As the Ebola virus rages on in West Africa, the world is assessing the best way to address this epidemic. Discourse in the United States has revolved around many issues – including an air travel ban – which have caused an uproar in the public health sector. But what is really shaping the responses towards the Ebola epidemic? How does the media filter our understanding of what is happening in these crisis zones?
English Professor Priscilla Wald contributes her expertise on cultural narratives of disease, and journalist Jonathan Katz shares his experiences writing about the cholera epidemic in Haiti. The panel addresses how the media can influence the population’s reaction and response to epidemics around the world.
Journalist and Author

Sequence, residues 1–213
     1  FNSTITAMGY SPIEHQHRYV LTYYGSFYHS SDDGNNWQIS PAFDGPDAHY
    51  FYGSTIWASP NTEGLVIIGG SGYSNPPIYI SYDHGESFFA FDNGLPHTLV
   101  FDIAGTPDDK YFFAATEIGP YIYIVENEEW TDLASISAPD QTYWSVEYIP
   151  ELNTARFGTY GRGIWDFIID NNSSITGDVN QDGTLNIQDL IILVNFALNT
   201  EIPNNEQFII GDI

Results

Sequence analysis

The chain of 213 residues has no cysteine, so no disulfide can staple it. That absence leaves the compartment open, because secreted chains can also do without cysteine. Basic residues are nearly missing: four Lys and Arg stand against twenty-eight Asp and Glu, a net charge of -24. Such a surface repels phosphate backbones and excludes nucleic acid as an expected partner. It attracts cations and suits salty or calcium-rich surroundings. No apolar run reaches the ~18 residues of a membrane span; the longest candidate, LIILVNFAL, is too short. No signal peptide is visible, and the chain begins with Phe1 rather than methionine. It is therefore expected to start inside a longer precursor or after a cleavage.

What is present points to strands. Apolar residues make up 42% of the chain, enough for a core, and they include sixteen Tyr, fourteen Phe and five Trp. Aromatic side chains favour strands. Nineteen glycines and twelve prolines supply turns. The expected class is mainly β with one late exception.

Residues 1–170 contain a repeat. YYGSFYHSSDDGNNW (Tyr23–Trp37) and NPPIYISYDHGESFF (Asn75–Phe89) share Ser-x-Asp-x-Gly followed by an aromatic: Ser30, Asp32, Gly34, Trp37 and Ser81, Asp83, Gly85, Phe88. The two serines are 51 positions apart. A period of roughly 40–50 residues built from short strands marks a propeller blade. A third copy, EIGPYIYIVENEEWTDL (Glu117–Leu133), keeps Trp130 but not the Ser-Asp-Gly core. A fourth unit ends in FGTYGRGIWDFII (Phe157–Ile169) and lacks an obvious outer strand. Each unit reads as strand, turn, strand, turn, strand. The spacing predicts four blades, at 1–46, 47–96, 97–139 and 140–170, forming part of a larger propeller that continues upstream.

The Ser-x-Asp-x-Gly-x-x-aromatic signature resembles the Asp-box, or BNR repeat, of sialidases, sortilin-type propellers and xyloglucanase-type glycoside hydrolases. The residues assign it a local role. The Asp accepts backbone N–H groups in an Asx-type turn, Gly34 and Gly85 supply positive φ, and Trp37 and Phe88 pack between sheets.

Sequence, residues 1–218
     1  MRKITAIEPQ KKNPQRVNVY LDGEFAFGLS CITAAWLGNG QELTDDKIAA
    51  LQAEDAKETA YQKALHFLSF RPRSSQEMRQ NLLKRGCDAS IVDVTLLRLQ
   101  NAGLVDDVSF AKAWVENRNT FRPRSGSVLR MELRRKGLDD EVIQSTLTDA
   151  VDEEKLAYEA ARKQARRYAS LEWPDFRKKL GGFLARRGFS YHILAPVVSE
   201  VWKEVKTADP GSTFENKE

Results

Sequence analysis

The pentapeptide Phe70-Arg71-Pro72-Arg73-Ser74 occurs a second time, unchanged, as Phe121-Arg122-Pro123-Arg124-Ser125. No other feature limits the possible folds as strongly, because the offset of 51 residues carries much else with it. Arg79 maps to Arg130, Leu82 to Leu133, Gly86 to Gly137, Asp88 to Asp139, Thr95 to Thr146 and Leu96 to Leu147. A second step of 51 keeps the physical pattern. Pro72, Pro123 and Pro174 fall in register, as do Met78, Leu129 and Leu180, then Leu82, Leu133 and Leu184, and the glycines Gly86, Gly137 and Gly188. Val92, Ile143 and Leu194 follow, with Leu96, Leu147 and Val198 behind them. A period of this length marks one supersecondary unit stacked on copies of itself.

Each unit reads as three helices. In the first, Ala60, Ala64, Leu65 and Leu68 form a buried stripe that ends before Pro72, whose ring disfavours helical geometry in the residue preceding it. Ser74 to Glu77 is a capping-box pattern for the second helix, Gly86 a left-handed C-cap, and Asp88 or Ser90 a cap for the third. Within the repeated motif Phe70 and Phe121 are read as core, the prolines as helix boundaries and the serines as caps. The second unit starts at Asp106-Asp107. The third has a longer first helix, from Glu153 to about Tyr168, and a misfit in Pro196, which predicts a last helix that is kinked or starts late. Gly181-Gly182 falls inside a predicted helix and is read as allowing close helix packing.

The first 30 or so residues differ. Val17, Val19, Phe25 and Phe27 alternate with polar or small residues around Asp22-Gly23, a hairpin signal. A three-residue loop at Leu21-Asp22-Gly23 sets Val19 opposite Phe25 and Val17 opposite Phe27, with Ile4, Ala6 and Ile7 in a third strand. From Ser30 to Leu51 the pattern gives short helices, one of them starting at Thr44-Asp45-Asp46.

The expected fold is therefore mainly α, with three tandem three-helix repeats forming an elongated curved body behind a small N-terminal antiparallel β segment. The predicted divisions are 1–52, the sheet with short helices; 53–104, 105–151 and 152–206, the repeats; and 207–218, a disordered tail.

Jonathan M.Katz is a journalist and author. As the Associated Press chief correspondent in Haiti, he survived and was first to internationally report the January 2010 earthquake, then stayed to cover the aftermath and flawed recovery that followed. That fall he broke the story that the United Nations likely caused—and was covering up its role in—a postquake cholera epidemic that killed thousands more. Prior to moving to Haiti, he was based for two years in the Dominican Republic. Katz is now a freelance journalist covering international and domestic affairs.
Priscilla Wald teaches and works on U.S. literature and culture, particularly literature of the late-18th to mid-20th centuries, contemporary narratives of science and medicine, science fiction literature and film, and environmental studies. Her current work focuses on the intersections among the law, literature, science and medicine. Her recent book-length study, Contagious: Cultures, Carriers, and the Outbreak Narrative, considers the intersection of medicine and myth in the idea of contagion and the evolution of the contemporary stories we tell about the global health problem of "emerging infections."